The Rules Committee plans to mark up the rule for the Defense appropriations bill at 5 p.m. on July 22, and Majority Leader Eric Cantor, R-Va., said Friday that the House will consider the DOD appropriations bill next week.


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Yahoo News: NSA spying under fire: ‘You’ve got a problem’

Robert S. Litt, general counsel in the Office of Director of National Intelligence testifies during a House Judiciary Committee hearing on Capitol Hill in Washington, on Wednesday, July 17, 2013. Six weeks after a leaked document exposed the scope of the government's monitoring of Americans' phone records, the House Judiciary Committee calls on key administration figures from the intelligence world to answer questions about the sweeping government surveillance of Americans in war on terrorism. (AP Photo/Jacquelyn Martin)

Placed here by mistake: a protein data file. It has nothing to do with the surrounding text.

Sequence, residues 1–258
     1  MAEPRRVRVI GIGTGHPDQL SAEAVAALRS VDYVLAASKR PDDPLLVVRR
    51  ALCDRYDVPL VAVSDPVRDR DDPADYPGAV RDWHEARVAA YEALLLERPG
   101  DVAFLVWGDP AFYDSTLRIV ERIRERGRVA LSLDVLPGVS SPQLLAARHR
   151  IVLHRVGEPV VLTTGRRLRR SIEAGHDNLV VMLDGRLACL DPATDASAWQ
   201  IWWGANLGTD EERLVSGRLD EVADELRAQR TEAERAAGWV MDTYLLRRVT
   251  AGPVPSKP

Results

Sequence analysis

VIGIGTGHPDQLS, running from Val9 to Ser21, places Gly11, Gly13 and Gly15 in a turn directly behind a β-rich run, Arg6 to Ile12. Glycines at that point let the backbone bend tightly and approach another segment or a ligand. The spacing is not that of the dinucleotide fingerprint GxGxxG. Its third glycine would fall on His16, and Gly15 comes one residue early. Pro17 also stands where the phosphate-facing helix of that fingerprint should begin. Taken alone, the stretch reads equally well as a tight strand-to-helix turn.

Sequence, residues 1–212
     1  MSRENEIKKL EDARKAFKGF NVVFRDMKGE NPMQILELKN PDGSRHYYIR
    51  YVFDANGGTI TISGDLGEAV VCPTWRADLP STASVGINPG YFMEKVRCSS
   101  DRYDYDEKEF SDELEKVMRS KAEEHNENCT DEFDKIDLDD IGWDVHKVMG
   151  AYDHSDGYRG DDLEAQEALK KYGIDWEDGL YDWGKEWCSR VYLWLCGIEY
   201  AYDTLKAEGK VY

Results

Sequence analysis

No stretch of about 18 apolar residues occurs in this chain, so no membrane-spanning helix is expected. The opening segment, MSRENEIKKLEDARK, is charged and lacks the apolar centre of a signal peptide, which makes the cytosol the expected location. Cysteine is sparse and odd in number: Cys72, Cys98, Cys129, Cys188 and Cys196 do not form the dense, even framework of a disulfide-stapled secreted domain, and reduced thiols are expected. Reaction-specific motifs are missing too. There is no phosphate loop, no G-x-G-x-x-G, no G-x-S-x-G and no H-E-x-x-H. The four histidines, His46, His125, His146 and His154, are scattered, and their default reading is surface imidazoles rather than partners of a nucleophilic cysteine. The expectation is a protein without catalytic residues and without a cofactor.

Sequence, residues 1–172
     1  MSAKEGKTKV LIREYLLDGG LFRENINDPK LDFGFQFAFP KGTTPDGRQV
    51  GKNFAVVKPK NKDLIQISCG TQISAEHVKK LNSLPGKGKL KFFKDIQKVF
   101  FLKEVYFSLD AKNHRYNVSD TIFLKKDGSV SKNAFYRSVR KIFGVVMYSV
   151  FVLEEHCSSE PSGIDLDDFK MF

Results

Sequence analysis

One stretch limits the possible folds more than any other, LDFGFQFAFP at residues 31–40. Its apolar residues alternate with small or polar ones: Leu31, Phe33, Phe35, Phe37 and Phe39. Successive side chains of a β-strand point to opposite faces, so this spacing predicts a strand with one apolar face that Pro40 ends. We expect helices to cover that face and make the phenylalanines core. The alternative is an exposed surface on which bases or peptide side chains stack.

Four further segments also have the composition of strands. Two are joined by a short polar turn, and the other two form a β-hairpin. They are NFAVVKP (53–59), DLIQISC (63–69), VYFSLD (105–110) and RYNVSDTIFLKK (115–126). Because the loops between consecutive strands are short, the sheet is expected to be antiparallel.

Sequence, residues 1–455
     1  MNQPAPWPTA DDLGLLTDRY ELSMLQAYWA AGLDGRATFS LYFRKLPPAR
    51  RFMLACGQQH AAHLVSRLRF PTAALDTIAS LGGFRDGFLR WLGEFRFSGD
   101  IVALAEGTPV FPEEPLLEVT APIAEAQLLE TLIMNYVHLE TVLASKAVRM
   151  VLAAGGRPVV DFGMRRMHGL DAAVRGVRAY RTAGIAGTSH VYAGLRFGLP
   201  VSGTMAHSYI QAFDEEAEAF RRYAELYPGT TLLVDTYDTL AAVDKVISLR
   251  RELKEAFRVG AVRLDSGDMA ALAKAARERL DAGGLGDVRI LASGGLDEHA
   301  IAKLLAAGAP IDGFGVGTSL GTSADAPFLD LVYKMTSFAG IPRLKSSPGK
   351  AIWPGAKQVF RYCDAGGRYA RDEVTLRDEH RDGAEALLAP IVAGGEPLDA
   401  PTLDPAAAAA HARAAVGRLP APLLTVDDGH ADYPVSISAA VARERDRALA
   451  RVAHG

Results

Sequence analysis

In a heated confrontation over domestic spying, members of Congress said Wednesday they never intended to allow the National Security Agency to build a database of every phone call in America. And they threatened to curtail the government’s surveillance authority.

Top Obama administration officials countered that the once-secret program was legal and necessary to keep America safe. And they left open the possibility that they could build similar databases of people’s credit card transactions, hotel records and Internet searches.

The clash on Capitol Hill undercut President Barack Obama’s assurances that Congress had fully understood the dramatic expansion of government power it authorized repeatedly over the past decade.